Interview: Cornel West, Author Of 'Black Prophetic Fire' African-American philosopher Cornel West's new book laments the decline of "prophetic" black leadership, lifting up examples of people who were willing to risk their lives in the service of the truth.
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Reviving A Grand Tradition Of 'Black Prophetic Fire'

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Reviving A Grand Tradition Of 'Black Prophetic Fire'

Reviving A Grand Tradition Of 'Black Prophetic Fire'

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SCOTT SIMON, HOST:

In a new book, Cornel West tries to look unblinkingly at the power of what he calls black prophetic fire. Six African-American leaders, Frederick Douglass, W.E.B Du Bois, Martin Luther King, Ella Baker, Malcolm X and Ida B. Wells, whom he believes have enlivened America even as their messages have often been blunted, ignored or almost worse - deodorized, as he puts it. Dr. West, who's taught at the Ivy League trifecta - Harvard, Princeton and Yale - and is now at the Union Theological Seminary, engages in dialogue with Christa Buschendorf, a professor at Goethe University in Frankfurt. Their new book is "Black Prophetic Fire." Dr. West joins us from New York.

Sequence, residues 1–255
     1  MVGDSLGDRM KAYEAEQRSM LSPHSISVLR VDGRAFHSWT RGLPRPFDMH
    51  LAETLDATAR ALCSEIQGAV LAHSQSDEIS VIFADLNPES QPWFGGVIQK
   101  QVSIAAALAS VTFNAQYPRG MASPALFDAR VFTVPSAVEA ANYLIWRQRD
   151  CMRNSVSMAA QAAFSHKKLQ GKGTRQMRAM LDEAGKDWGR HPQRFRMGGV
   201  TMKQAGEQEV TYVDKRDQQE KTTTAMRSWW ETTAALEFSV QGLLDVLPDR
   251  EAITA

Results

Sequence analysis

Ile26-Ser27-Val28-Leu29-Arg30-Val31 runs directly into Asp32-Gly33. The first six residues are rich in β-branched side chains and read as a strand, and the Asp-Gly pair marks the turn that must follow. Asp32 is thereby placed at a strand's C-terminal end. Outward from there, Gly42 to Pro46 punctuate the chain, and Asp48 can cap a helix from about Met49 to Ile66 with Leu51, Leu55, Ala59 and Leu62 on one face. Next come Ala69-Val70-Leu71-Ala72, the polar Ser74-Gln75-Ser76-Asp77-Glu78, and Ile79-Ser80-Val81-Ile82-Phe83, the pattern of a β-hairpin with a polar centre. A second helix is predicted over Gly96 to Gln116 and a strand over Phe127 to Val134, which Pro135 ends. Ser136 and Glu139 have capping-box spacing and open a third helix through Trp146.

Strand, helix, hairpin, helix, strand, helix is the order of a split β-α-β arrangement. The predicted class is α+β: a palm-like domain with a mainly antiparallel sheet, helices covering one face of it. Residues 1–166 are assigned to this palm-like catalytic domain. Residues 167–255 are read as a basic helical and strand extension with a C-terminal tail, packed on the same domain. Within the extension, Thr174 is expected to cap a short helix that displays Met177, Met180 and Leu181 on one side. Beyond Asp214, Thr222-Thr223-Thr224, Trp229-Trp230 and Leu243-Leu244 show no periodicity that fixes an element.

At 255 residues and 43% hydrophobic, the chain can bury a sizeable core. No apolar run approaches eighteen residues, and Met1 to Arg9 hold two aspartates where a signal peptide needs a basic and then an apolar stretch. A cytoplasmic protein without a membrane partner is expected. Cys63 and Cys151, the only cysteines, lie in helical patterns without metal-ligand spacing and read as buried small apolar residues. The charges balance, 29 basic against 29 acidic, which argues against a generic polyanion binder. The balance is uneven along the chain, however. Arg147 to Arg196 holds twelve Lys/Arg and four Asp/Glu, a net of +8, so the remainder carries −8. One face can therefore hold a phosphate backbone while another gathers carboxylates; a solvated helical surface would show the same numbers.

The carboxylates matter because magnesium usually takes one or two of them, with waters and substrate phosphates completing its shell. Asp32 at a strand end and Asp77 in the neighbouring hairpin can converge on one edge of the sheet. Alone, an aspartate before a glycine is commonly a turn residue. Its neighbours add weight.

Thanks for much for being with us.

DR. CORNEL WEST: Thank you so very much, my dear brother Scott.

SIMON: And a prophet's different from a leader?

WEST: Oh indeed, indeed. I think a prophet is someone who is on fire for justice, hypersensitive to the suffering of others, especially the weak, the vulnerable, the widowed, the fatherless the motherless. A leader is somebody who has to jump in the middle of the fray and be prudential, we hope, rather than opportunistic, but a prophetic person tells the truth, exposes lies, bear witness and then usually is pushed to the margins or shot dead.

SIMON: And I don't want to delay this question - how do you think America has Santa Claus-ified Dr. King?

WEST: Well, you know, brother Martin Luther King, Jr., he was an exemplary figure when it comes to prophetic fire and we like to freeze him in 1963. We like to think that somehow he would not engage in what seemed to be un-American critiques when he said my government is the biggest conveyor of violence in the world.

You know, when Martin died 72 percent of Americans disapproved of him and 55 percent of black Americans disapproved of him. He was viewed again as too tied to an anti-war position and he certainly was trying to bring precious poor people of all colors together in Washington.

SIMON: And you also say, I don't think you use the term Santa Claus-ified, but you also say Malcolm X has been transformed. He winds up on a stamp, a stamp you don't particularly like. He winds up in Spike Lee's major movie. What goes on to a prophetic figure?